- The episode "Terror in the Sky" is loosely based on "Man-Bat Over Vegas", originally presented in Detective Comics #429, by Frank Robbins. The setting has been shifted from Las Vegas to Gotham Harbor, and in keeping with the family-friendly rating of the television show, She-Bat is not a vampire in the adaptation. The final line of the episode, "the nightmare's finally over", is similar to one of the final lines from the original comic, "Now Fran's vampire nightmare is about over".
- The episode "Almost Got 'Im" appears to be influenced by a four-issue story arc in Batman (1977) #291-294, entitled "Where Were You on the Night Batman Was Killed?". In each of the four issues, one of Catwoman, Lex Luthor, Riddler, and Joker all recount their claims to have killed the Batman. However, the plot for "Almost Got 'Im" is quite different (six stories in the show, and four completely different ones in the comic book), with only the Joker as an overlapping antagonist.
- Two-Face's strategy in "Almost Got 'Im" (strapping down Batman to a giant coin and flipping the coin in the air) was taken from the comic; World's Finest Comics #30, September 1947. In a back up tale both Batman and Robin were tied to a giant penny that was catapulted onto spikes by a lesser known villain the Penny Plunderer.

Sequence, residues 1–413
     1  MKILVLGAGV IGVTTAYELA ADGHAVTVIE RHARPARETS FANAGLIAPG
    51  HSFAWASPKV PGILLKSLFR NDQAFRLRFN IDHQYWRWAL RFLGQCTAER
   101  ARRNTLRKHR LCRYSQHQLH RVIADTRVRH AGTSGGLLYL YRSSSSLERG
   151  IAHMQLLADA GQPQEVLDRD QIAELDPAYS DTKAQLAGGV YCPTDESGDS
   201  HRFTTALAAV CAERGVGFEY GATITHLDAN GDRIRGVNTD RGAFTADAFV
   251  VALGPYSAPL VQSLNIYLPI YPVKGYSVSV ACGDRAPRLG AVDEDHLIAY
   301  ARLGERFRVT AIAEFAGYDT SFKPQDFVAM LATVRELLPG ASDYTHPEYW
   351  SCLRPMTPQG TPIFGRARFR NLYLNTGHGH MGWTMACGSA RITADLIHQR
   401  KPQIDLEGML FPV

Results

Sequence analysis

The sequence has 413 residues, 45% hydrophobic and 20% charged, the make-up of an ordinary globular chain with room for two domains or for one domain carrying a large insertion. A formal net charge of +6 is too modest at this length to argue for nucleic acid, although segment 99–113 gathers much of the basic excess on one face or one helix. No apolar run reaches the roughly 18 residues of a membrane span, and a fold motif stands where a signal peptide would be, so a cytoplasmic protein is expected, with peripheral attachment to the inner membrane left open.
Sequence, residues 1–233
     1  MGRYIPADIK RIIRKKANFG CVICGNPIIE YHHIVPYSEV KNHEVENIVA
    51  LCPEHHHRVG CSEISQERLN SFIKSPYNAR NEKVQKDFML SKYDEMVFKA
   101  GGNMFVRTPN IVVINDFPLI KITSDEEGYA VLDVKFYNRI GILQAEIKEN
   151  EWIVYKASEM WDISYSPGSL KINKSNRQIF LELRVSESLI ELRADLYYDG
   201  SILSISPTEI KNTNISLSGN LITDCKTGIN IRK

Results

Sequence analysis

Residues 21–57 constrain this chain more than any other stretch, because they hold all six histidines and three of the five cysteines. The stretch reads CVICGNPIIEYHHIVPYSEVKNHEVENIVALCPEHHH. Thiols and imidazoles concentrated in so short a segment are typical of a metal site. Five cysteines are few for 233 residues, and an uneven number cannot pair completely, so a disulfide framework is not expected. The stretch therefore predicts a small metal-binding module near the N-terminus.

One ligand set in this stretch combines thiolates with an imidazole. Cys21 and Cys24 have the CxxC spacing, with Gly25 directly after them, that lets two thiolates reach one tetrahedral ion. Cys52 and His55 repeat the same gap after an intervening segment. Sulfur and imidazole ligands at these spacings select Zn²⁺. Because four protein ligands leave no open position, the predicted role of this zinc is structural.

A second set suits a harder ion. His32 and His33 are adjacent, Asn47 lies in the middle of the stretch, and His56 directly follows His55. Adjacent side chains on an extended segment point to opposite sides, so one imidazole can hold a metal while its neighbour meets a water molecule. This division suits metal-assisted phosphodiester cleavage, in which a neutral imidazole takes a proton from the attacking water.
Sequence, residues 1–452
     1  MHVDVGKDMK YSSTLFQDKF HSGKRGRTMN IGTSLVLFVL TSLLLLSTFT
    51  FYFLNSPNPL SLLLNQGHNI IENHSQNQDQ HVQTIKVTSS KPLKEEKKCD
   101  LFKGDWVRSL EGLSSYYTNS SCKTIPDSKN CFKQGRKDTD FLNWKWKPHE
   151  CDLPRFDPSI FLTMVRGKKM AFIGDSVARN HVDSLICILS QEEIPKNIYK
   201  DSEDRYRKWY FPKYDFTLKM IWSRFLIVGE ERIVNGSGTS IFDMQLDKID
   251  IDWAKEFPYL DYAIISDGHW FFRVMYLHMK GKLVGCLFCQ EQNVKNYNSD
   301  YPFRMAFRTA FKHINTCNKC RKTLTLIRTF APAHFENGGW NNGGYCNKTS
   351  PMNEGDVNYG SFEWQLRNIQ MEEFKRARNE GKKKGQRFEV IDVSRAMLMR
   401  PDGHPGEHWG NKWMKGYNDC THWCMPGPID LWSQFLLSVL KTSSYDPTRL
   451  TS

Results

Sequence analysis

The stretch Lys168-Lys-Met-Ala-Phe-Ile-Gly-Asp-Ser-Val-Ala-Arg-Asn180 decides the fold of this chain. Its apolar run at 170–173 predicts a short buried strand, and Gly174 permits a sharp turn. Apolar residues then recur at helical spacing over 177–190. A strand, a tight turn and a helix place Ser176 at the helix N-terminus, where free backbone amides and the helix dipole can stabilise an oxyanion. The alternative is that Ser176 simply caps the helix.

- "Off Balance" is a direct adaptation of "Batman: Into the Den of the Death-Dealers" of Detective Comics #411, May 1971 by Denny O'Neil famous for the first appearance of the character Talia al Ghul.
- Also a direct adaptation is the two-part episode "The Demon's Quest", based on "Daughter of the Demon" from Batman #232, June 1971, and "The Demon Lives Again" Batman #244, September 1972, also by Dennis O'Neil and Neal Adams. Famous for introducing one of Batman's deadlier foes; Ra's al Ghul, father of Talia.
- The episode "Sideshow" is loosely based on "A Vow From the Grave" by Dennis O'Neil. This episode adapted the comic book story with the inclusion of a separate Killer Croc story.
- "A Bullet for Bullock" is based on the comic of the same name from Detective Comics #651, October 1992, by Chuck Dixon.
- The episode "Legends of the Dark Knight" contains a direct adaptation of part of the comic "The Dark Knight Returns".
- The feature film Mask of the Phantasm is also an adaptation. The film's flashbacks were inspired by "Batman: Year One", whereas the character of Andrea Beaumont and the storyline itself were modified from Mike Barr's story "Batman: Year Two", which ran in Detective Comics #575-578 in the late 1980s; the villain in the comics was named The Reaper.
Now, the series spawned so much out of it. In 1999, Batman Beyond aired, spun off from Batman: TAS. It was followed up by Justice League, Justice League Unlimited, Teen Titans and The Batman, all inspired by Timm's look of The Dark Knight. Lego have done figures based off the series. The series also serves as one of the main inspirations for Rocksteady's Arkham series of video games and they even have animated themed skins for the characters as pre-order bonuses.
The series was incredibly popular with critics and fans alike, as it mixed in enough that kept children entertained, yet was suitably dark and adult themed so parents could watch it as well. Even now, many fans consider it to be the most definitive Batman series ever made. It is currently available in all markets on DVD. If you haven't seen this series, it's well worth watching.